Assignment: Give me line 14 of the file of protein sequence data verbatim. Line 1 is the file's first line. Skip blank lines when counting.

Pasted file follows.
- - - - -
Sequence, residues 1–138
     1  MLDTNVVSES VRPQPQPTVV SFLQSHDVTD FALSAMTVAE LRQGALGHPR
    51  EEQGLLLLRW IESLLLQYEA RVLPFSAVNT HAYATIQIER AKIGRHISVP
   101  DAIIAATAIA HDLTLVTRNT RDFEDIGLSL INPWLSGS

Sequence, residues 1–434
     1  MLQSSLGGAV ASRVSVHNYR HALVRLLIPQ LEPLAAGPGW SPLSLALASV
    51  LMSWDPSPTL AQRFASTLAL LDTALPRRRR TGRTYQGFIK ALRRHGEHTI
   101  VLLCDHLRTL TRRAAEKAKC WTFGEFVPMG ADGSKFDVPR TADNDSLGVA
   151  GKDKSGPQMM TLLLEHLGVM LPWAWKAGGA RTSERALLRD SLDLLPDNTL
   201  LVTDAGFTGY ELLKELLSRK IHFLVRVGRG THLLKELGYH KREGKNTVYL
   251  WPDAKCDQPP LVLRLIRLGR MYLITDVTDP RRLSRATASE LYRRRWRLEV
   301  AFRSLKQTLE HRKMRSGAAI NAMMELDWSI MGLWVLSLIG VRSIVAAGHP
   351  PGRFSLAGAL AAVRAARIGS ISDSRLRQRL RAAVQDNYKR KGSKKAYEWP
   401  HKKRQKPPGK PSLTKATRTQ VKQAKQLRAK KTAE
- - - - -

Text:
   401  HKKRQKPPGK PSLTKATRTQ VKQAKQLRAK KTAE